Mr Raab said “we cannot go backwards” and pointed out the ex-PM faces an investigation into his actions over partygate. He backed Mr Sunak, saying he was “very confident” the former chancellor would stand. Moments after Mr Johnson landed back in the UK on Saturday, ex-home secretary Priti Patel said he had her support – but his potential bid suffered a setback as former close allies Steve Barclay and Lord Frost urged colleagues to back Mr Sunak.
Mr Johnson’s father Stanley predicted that his son would put his name forward and beat Mr Sunak in a head-to-head contest.
The former PM has so far won the support of six Cabinet ministers: Ben Wallace, Jacob Rees-Mogg, Simon Clarke, Chris Heaton-Harris, Alok Sharma and Anne-Marie Trevelyan. But his public endorsements fell far short of those for Mr Sunak.
Another supporter of the ex-PM, ex-culture secretary Nadine Dorries, said in a contest between Mr Johnson and Mr Sunak “only Boris is a proven winner”, adding that if the former chancellor was instead chosen, “we would enter unchartered and potentially dangerous waters”. Writing in The Mail on Sunday, Ms Dorries added: “Any Tory MP who votes for Rishi Sunak tomorrow will be taking a risk with the future of the party.
“If he is chosen, power would be transferred out of the hands of the people who exercised their choice at the ballot box less than three years ago and placed into their own very privileged and already powerful hands. That would be an untenable and undemocratic position for us to be in. If that happens, I have no idea how we would be able to look voters in the eye and deny them a General Election that Labour is screaming out for…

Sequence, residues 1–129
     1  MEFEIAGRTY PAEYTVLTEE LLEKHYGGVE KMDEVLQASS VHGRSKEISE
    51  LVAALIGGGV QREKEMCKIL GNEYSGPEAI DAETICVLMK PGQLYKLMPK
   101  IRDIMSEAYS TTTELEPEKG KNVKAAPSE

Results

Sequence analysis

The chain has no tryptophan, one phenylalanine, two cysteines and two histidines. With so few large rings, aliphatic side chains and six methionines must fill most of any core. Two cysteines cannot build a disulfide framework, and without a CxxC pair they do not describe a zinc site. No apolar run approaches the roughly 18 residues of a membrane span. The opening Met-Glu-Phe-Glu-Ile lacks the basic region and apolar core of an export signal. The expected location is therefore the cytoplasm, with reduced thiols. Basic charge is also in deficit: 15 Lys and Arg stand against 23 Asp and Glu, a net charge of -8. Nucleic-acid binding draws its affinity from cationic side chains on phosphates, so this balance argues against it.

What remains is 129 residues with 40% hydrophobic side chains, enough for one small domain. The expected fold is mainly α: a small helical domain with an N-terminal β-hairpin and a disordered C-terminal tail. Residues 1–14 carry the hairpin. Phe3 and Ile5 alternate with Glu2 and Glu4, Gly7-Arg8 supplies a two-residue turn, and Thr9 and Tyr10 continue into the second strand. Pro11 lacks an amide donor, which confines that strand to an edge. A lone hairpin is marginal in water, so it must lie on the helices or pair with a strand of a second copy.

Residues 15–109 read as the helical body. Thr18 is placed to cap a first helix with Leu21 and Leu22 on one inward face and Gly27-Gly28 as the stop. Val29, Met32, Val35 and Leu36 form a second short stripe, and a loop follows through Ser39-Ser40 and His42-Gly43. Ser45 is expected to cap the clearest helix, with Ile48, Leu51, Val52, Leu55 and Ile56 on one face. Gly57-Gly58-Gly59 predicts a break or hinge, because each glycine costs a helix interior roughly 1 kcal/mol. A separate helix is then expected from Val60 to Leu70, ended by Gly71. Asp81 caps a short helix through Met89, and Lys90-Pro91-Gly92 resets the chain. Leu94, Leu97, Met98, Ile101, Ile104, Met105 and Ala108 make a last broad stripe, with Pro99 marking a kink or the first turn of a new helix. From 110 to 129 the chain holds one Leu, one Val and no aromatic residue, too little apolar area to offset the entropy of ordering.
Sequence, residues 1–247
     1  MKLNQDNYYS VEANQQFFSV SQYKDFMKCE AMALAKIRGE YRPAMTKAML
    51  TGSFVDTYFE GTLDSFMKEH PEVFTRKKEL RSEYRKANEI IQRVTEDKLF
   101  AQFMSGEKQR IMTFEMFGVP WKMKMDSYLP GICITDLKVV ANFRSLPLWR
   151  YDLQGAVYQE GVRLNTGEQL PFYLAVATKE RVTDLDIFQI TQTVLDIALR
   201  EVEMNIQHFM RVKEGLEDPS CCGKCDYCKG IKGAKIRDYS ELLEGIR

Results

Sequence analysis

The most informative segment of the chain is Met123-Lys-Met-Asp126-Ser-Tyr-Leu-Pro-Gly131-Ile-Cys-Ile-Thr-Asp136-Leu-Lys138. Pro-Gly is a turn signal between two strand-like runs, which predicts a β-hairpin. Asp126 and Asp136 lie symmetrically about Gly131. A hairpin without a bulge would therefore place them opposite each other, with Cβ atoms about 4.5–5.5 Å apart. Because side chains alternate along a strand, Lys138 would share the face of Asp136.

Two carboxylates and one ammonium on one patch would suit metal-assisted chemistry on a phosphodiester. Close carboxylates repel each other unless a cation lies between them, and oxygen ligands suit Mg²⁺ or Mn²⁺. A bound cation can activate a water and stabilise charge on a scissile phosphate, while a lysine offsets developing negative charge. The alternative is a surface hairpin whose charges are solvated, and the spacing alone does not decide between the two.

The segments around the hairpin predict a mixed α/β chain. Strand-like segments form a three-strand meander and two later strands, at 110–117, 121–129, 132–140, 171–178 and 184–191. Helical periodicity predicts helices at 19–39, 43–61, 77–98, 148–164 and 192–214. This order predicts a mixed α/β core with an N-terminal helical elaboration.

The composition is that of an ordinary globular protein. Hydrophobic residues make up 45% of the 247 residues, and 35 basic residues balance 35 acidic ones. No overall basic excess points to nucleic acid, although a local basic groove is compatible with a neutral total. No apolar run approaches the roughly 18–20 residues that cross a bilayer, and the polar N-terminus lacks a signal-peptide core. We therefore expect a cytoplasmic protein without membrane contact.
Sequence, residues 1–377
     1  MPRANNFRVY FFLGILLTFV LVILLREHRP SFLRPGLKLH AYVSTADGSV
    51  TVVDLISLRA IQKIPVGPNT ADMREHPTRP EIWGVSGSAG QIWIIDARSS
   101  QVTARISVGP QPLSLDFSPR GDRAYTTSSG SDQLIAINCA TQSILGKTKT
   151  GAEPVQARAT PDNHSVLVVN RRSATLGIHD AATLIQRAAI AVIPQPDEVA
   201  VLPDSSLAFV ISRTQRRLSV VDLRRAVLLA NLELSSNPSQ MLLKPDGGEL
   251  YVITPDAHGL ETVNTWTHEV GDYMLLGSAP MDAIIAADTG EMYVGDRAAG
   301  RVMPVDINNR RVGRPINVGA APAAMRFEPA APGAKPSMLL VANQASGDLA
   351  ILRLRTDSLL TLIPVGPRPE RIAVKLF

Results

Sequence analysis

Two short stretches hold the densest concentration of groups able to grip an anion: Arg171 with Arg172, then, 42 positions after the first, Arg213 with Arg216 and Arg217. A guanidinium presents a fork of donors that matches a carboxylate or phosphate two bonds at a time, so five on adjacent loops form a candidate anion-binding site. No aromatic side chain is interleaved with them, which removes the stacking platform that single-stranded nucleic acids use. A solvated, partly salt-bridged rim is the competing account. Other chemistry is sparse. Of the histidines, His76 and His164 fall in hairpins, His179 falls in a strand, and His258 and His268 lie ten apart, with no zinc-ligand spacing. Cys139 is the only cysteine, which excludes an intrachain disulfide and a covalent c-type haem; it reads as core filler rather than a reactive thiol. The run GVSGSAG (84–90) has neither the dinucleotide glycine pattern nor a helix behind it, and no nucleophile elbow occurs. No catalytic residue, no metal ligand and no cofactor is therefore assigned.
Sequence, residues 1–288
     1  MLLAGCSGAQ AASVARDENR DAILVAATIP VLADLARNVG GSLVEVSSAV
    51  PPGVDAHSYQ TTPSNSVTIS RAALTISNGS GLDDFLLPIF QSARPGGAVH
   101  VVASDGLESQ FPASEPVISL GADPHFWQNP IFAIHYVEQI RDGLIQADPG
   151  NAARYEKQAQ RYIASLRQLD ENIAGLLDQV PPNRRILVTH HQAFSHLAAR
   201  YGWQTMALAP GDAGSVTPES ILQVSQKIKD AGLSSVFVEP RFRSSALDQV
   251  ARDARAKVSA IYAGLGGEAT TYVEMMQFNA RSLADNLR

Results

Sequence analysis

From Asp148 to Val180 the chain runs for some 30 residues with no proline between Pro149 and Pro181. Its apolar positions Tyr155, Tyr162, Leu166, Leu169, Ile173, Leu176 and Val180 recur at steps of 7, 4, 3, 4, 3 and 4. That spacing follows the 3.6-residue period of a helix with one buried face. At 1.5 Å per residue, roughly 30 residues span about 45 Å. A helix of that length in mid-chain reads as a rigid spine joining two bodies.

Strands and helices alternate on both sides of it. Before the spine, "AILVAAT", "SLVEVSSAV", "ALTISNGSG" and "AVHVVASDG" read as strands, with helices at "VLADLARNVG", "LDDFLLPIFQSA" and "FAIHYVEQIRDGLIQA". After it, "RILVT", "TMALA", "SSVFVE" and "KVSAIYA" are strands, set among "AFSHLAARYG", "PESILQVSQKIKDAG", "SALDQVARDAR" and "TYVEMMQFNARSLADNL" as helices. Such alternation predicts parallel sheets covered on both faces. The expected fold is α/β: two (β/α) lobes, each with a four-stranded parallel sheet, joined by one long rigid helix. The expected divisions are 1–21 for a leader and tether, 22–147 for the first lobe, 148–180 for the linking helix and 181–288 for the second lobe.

“A Tory Party led into the next Election by anyone other than Boris Johnson would mean the country would be looking into the face of a Socialist government.”
Tory MPs will vote on Monday, and two candidates will be put forward to the party membership unless one pulls out, with a result being announced on Friday. Candidates have until 2pm on Monday to secure the 100 nominations, limiting the ballot to a maximum of three candidates.
Supporters of Mr Johnson believe that if he can make it to the last two, he will win in the final online ballot of party activists with whom he remains hugely popular. Some MPs have warned they would resign the Tory whip and sit in the Commons as independents if Mr Johnson returned to Downing Street.
Meanwhile, Conservative Party chairman Sir Jake Berry joined the Business Secretary and Johnson-supporter Mr Rees-Mogg in calling for the vote to be decided by members rather than MPs. The Tory chairman told the Telegraph the party’s future was in the grip of an “existential crisis” and if the Tories believed in democracy, “members cannot be denied a say on who the next leader of the party is”.
He added: “We have seen two Prime Ministers in a row effectively removed from office by MPs despite the fact that they have won the membership.
“I fear that it might be a point where members think ‘what is really the point of being a member of the Conservative party’.
“Politics is not delivered in this country by 650 MPs sat in Parliament; it is delivered by thousands of Conservative councillors up and down the country who deliver elections for the party.”